Bavarian Premier Horst Seehofer has demanded a guaranteed disconnection of asylum seekers with the IS group for a tougher control over refugees. The call from the leader of the key partner in Chancellor Angela Merkel’s ruling coalition is expected to exert more pressure upon the government’s open-door refugee policy.
Put to test is also Germany’s public security. Some German politicians reckon an estimated 3,000 personnel are needed to beef up the security force in order to cope with the increasing number of refugees and immigrants. In 2015, immigrants to Germany surpassed 2 million in total, an increase of 700,000 over the previous year, showed official data.
The social and cultural integration of immigrants is another issue to draw public attention again. The axe-waving attacker in the July 18 assault had lived in Germany for more than a year, but had apparently received more influence from the IS group.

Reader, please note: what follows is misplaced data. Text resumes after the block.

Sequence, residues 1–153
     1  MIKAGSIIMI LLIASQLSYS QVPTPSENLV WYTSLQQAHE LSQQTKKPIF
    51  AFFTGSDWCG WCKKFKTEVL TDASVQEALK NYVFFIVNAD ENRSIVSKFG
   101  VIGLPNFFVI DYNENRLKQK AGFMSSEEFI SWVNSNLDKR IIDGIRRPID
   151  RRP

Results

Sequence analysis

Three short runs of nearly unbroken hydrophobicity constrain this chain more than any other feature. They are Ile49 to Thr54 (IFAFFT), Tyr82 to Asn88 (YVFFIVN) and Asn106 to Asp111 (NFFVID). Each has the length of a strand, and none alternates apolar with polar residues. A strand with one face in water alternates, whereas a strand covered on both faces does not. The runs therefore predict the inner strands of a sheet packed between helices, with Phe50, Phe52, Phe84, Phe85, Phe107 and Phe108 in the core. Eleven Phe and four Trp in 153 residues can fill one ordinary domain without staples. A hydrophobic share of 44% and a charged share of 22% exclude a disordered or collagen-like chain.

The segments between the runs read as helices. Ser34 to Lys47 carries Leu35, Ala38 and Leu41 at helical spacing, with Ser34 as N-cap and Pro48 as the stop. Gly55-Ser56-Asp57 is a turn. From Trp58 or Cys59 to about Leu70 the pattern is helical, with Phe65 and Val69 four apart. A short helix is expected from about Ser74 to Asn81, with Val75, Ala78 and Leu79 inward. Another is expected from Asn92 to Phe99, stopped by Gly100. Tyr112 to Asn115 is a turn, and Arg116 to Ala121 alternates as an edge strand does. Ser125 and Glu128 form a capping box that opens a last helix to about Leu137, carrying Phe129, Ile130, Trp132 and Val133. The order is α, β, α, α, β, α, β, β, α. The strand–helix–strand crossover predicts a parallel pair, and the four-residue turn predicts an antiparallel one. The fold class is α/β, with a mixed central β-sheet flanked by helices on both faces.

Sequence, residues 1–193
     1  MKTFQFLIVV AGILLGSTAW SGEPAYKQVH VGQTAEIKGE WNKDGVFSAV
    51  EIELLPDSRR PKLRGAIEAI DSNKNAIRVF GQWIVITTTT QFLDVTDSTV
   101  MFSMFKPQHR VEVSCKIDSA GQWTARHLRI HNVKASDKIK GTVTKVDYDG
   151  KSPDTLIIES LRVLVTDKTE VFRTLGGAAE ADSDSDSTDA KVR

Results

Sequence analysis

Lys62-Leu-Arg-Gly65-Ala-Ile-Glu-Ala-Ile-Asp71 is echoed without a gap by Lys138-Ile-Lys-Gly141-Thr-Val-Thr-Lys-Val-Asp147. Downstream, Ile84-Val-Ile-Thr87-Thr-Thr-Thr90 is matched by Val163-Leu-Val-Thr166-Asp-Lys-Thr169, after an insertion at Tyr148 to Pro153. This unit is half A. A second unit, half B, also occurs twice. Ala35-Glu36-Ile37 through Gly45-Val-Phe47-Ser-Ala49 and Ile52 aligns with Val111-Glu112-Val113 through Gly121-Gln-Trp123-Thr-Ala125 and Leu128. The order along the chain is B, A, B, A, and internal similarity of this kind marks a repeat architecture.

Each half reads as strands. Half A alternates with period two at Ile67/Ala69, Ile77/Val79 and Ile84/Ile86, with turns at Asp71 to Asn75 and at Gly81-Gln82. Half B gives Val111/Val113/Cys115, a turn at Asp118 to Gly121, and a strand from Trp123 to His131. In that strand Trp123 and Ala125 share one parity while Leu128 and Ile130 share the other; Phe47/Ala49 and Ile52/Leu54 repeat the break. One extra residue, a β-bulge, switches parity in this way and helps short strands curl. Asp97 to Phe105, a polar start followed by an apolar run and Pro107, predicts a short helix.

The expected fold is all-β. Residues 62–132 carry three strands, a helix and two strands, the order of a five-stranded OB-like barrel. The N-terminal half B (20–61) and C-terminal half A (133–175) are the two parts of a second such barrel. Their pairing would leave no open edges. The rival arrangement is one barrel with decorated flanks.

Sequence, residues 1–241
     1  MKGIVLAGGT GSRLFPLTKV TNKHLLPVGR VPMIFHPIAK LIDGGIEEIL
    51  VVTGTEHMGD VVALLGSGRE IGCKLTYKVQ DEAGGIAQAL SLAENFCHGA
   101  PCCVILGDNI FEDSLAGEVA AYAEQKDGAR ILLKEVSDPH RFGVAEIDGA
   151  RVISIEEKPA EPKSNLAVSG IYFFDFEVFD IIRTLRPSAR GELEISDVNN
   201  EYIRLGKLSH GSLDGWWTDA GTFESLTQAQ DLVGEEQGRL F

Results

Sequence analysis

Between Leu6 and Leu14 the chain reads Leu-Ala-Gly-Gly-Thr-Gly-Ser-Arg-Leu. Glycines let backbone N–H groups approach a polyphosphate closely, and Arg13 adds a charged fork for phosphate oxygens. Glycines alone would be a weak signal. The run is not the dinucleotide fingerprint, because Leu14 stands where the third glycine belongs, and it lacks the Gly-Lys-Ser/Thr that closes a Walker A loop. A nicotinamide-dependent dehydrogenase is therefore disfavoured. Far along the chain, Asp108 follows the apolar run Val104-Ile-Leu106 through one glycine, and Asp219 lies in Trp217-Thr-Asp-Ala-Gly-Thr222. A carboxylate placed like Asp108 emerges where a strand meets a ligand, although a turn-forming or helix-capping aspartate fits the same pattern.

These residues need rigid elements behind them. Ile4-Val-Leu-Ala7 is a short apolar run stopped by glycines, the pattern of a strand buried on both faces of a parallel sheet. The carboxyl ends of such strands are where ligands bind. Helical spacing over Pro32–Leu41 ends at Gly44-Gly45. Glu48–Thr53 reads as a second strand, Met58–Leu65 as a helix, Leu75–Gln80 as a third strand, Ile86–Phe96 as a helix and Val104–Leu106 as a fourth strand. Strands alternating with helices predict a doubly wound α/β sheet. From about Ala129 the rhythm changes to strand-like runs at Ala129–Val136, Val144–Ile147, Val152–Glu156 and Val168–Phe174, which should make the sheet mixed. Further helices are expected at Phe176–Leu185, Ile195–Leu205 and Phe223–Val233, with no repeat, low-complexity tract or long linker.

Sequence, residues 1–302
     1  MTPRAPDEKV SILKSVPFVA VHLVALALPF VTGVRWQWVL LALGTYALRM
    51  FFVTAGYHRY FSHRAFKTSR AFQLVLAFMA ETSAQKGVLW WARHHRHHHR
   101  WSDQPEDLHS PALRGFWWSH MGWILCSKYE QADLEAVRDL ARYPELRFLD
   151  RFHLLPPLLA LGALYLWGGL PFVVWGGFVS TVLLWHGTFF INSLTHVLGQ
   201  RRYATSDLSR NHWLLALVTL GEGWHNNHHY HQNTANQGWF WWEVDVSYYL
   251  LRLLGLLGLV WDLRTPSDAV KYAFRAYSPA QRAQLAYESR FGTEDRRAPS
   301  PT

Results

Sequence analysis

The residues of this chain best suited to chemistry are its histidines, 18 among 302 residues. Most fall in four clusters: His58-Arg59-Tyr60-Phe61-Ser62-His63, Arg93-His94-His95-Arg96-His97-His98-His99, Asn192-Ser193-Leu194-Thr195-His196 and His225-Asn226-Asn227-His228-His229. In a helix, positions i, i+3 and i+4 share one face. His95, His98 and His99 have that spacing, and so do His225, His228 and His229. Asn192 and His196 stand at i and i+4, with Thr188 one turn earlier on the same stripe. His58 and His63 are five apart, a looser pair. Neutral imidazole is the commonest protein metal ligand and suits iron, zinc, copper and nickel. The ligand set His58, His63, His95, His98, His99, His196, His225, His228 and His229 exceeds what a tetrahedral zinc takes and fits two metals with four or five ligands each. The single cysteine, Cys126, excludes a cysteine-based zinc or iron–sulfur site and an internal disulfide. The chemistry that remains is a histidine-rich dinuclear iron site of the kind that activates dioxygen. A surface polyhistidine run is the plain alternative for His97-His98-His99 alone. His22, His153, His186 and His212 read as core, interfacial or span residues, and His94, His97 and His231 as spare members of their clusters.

Many acts of terrorism in Western countries are carried out in revenge for the countries’ intervention in regional hot spots. In this regard, Germany’s more international responsibilities and more military involvement are expected to make it more prone to terrorism.
Germany’s top security official says authorities are conducting 59 investigations of refugees suspected of possible links to terrorist organizations.
Interior Minister Thomas de Maiziere says it would be wrong to put all refugees under general suspicion, “even if there are investigations in individual cases.”
The Funke newspaper group quoted him as saying: “We are currently talking about 59 investigations for possible links to terrorist structures, and that’s with many hundreds of thousands of newly arrived people.” He adds that in the overwhelming number of cases, reports turn out not to be true.
De Maiziere called for Germany’s borders to be better protected without preventing refugees from coming to the country by legal and safe means _ “in reasonable numbers.” He noted that in the Munich gun attack there was no indication that the perpetrator, the German-born son of Iranian asylum-seekers, had failed to integrate in German society.